“And I seriously wouldn’t know whether it’s Whole Foods or one of the more specialty stores in the area,” he added. “But we are doing a really, really good job with that customer.”
Kroger’s store brands generate about a fourth of the company’s sales, as the quality and perceptions of private-label products improve.
“It’s not generic products like it was 30 years ago when I started with Kroger,” Schlotman said. “This is high-quality brand, quality product. But the customer understands it’s high-quality, it’s a better price point…
“We call it switchover, not trade-down,” he added.
But whether customers buy national brands or store brands matters little to Kroger, he added.
“At the end of the day, we don’t have a preference for what they buy,” Schlotman said. “Our job is to figure out what they want and figure out a way to give them more of it at the best price, make it convenient and have a great shopping experience.”
Added Ellis: “You know, I don’t really buy into, oh, the retailer has the power right now or the CPG [consumer packaged goods]. Because at the end of the day, if Kraft wanted to raise the price of American Singles by $1 a package, we can’t keep them from doing it. We may have fewer facings, they may not be in an ad… [but] it’s not punitive. It’s just that’s not the right value for our customers. And our customers will tell us it’s the wrong price for that product.
“We’ll carry it because there will be some people that want it,” he continued. “It just won’t be prominent in the spot.”
Delivering with digital
Digital technology also figures into Kroger’s growth strategy. More than 160 of the company’s Harris Teeter stores offer on-line shopping for front-of-store pickup, and with last year’s acquisition of e-retailer Vitacost.com, Kroger now sells 45,000 products on-line for home delivery.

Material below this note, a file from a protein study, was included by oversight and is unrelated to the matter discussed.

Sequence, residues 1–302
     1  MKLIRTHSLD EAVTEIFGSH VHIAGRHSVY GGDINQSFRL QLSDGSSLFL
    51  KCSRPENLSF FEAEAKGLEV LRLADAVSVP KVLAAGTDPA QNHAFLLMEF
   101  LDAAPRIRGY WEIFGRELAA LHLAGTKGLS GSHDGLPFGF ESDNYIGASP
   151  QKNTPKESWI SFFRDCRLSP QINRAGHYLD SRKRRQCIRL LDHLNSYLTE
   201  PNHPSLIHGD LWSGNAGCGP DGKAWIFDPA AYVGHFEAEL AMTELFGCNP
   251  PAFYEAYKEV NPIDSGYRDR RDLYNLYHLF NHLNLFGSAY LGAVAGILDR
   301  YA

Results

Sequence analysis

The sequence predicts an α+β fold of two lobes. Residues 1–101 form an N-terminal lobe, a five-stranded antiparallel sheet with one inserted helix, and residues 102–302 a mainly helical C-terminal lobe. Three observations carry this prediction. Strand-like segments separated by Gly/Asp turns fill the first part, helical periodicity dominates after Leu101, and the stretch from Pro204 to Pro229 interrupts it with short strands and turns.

“The customer is thinking differently about how they shop today,” Ellis said. “And we just have a lot of work to do to really figure out what does the customer really want? How do they want it delivered? What’s the price they are willing to pay? And how are we going to fulfill that need?”
Consumer shopping preferences are driven by a number of factors, including demographics, geography, population density and traffic.
“And it can be different by what’s going on in their life right now,” Schlotman said. “If a family has a newborn, Harris Teeter would tell you they see a pickup in their on-line — you can pick it up in front of the store because they don’t want to get the child out of the car and shop.
“So, there’s a lot of things that influence how a customer wants to interact with you,” he added. “What we’re trying to do is build a model where, if they want to come in the store, we’ve got a very convenient great shopping experience in the store; with Vitacost, trying to figure out how to use that as an on-line outlet; and then the ‘express lane’ that Harris Teeter calls it where they can order on-line and pick it up in front of the store.”